The Bristol Sessions
During this week in 1927, Ralph Peer, a record producer from Victor Talking Machine Company in New York City, set up a makeshift recording studio in Bristol, Tennessee-Virginia. His goal was to capture and disseminate the unique vocals, rhythms, and pickings of performers in southern Appalachia who represented the best of “hillbilly music.” Those acts included The Carter Family, Jimmie Rodgers, Alfred G. Karnes and others who would become music legends and whose styles influence country, bluegrass, and folk artists to this day.
It’s for this reason that music historian Nolan Porterfield called the 1927 Bristol Sessions the “Big Bang of Country Music.” But there are other aspects to the big bang. Peer is thought to be the first agent to pay royalties to his recording artists. For their Bristol sessions, artists were paid $50 (worth around $700 today) on the spot for each side cut, and 2½ cents for each single sold. And it was the portability of the Victor Company’s new electronic recording process that enabled Peer to bring his state-of-the-art equipment and recording engineers to the musicians, most of whom had never set foot in the “big city” of Bristol, let alone ever have the chance to record in New York. And so, artists like El Watson could be discovered by the recording industry, and their music shared with the listening public.
Vinyl Revival? Nope, it’s about Global Streaming.
The Bristol recordings demonstrated the widespread appeal of southern gospel. The albums sold well and were picked up on broadcast radio, the two primary ways people could access music then. Today, the recorded music industry is going through an entirely different big bang. Last year the industry recorded 5.9 percent growth, which is being hailed as a 20-year high, but think of the context: the industry lost 40 percent of its revenues over the last fifteen years. That’s in large part because the artists, agents, and record companies are trying to figure out how to adapt pre-digital revenue models to the many ways people can access musical recordings today.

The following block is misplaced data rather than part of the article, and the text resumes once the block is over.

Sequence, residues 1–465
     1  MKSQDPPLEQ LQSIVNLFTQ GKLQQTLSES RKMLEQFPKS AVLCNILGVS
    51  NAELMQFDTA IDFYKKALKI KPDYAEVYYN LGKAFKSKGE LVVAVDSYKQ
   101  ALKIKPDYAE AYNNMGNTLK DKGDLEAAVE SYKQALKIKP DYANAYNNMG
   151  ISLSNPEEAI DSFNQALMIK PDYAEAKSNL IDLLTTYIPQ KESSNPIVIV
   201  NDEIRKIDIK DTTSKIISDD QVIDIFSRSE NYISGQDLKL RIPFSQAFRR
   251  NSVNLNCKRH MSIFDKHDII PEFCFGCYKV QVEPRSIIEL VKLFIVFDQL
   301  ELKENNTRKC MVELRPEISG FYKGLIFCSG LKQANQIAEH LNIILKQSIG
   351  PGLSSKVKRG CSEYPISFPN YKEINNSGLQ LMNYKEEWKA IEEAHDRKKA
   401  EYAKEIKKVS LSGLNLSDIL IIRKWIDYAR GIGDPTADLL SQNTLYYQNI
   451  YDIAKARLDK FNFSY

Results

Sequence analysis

Is music streaming the next big bang? Streaming surged by 60.4 percent in 2016 alone, with over 100 million paid subscriptions to streaming services worldwide. In 2016, just 14 percent of revenues came from performing rights, 2 percent from synchronization (when recorded music is incorporated into ads or films for example), and 34 percent was derived from sales of physical recordings like CDs and albums (thanks to Japan and Germany). Digital sales generated the remaining 50 percent of revenues largely from streaming versus digital downloads. In twenty-five global markets, digital revenues exceeded 50 percent of the overall market.
From Southern Appalachia to North Africa
Streaming presents as many challenges as opportunities, from the ability of the artists to secure fair remuneration to creating new pathways to piracy. But the bright upside according to the International Federation of the Phonographic Industry (IFPI), is that streaming is enabling access to many more listeners in markets like Russia, Brazil, and Mexico and in some cases creating a recorded music market where none existed before – markets the industry wrote off due to piracy.
Streaming services are extending their reach as multinational leaders like Spotify (from Sweden) and Apple make inroads in new markets. Regional and national music streaming service providers are also blazing trails, including Anghami in the Middle East and North Africa, Saavn and Gaana in India, Line and KKBox in Japan and across South East Asia, UMA Music in Russia, and QQ Music, Kugou and Kuwo in China.